When South Bank Show host Melvyn Bragg sat down to watch the first film of the flagship arts programme’s final series, he turned to the director Tony Palmer and asked: “Are you expecting me to believe all this?”
It is a question viewers will also raise when Palmer’s documentary about Richard Wagner and his relatives airs on Sunday, revealing, as it does, the family’s entanglement with Hitler and the Nazis.
Jewish collectors lead the field in Britain when it comes to contemporary art — Charles Saatchi, Anita Zabludowicz and Frank Cohen have all opened galleries featuring selections from their extensive collections. However, all three are multimillionaires. So is it possible to build up an important art collection on a more modest salary?
Since I began my stand-up career on the opening night of the Comedy Store in May 1979, I have chalked up countless gigs both here and abroad.
However, my appearance at the recent English comedy night held at Berlin’s Kookaburra club ranked as the most unusual I have ever done. This was my first-ever visit to Germany, and I decided before the gig to go on successive days to the city’s Jewish Museum and Holocaust Memorial. My mind was filled afterwards with haunting images.
For 30 years, a collection of iconic photos of Paul Newman lay forgotten. They may have remained so but for the son of Leo Fuchs, who discovered them eight years ago, stacked in unmarked boxes.
Alexandre Fuchs was stunned — the photographs reveal film stars of the ’50s and ’60s including Newman, Marlon Brando and Audrey Hepburn in unusually private moments; off-set, even sleeping. Also, Alexandre had no idea that his father was a photographer — he had only known him only as a film producer.
Sir Jacob Epstein, who died 50 years ago this month, is recognised as one of the great sculptors of the 20th century, a true revolutionary who helped change modern art forever. The Royal Academy in London is honouring his achievement with an exhibition in the autumn, while the Ben Uri gallery organised a tour of his public commissions around the capital. During his life, however, Epstein was not always greeted with such admiration.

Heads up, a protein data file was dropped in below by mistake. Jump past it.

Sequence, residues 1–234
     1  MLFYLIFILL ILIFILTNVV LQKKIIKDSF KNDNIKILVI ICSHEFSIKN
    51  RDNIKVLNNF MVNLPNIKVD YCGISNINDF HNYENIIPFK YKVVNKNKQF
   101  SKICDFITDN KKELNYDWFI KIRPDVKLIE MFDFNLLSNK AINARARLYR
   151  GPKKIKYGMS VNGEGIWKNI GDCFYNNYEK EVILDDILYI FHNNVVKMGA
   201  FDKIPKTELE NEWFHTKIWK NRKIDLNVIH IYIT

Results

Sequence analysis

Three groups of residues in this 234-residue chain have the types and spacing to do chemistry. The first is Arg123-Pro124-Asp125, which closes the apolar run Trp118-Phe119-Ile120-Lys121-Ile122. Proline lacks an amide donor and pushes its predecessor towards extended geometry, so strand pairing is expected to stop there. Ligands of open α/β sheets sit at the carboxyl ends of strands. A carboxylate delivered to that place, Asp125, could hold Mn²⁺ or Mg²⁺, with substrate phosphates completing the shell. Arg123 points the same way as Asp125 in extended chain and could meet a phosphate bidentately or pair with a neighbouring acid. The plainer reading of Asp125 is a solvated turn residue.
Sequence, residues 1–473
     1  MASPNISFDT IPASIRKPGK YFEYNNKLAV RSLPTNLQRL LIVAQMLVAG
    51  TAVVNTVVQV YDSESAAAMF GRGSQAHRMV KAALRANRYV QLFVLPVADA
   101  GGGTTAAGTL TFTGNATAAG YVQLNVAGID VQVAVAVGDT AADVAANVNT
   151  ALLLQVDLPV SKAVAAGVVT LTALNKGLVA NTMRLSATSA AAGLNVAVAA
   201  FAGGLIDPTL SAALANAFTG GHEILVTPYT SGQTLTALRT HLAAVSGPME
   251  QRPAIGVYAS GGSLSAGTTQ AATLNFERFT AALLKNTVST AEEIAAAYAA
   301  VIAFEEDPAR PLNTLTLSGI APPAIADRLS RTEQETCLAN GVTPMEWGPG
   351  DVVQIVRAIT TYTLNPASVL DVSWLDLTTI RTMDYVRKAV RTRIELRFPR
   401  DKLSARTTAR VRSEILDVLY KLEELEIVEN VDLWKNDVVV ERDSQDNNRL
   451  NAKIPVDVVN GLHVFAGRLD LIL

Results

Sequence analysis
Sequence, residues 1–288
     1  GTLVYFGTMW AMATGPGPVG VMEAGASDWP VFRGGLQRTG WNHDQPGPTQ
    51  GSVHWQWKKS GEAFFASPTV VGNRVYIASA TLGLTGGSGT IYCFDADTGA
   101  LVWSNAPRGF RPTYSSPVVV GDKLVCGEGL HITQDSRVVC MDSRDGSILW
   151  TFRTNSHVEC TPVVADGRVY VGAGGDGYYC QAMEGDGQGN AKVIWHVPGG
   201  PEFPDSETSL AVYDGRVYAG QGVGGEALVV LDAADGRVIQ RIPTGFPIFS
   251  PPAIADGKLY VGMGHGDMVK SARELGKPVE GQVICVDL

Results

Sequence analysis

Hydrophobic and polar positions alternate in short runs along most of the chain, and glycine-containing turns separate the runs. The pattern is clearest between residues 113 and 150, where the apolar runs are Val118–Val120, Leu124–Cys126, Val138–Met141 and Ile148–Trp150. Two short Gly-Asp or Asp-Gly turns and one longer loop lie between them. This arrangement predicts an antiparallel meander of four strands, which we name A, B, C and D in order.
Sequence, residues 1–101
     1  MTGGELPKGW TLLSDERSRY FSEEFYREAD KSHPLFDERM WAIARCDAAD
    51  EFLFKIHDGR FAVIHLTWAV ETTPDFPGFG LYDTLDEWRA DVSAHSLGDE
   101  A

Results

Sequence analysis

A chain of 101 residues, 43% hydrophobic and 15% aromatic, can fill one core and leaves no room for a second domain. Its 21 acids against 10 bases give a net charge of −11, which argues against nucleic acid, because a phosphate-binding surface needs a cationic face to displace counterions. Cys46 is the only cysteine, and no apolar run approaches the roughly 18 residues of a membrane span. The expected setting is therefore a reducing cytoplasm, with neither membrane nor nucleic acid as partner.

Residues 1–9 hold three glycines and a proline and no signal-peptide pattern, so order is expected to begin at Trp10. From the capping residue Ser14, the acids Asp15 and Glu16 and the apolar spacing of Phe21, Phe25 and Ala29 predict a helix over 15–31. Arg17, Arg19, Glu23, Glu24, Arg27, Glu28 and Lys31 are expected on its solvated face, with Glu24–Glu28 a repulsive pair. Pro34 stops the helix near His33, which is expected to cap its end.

Robert Edsel reaches to the side of his seat and produces a large cardboard box, adorned with the black and red of the Nazi swastika. With the air of a conjurer, he puts on a pair of white gloves and draws out of the box a leather-bound album, its cover barely clinging to the hinges.
With his Leica camera in hand, André Kertész wandered city streets, photographing people going about their daily lives. It helped him, he felt, come to terms with being an outsider, first as a Jew in early 20th-century Hungary, then as a émigré in Paris between the wars, and then in New York.
It was a milestone in Hollywood history — actors, writers, producers blacklisted for their political beliefs. Sixty years ago, men and women, some of them with flourishing careers, were made to answer the question: “Are you now, or have you ever been, a communist?”
Old Jews Telling Jokes. Sounds like the last family gathering you went to, right?
But it is also the name of a website where you can watch old Jewish people spinning yarns with the delivery and comic timing that comes only with decades of practice.
That’s right. Jokes told by alter kakas — on demand.
The American website (www.oldjewstellingjokes.com), which has had over three million hits since it was set up in February, is the brainchild of director, producer and Woody Allen collaborator, Sam Hoffman.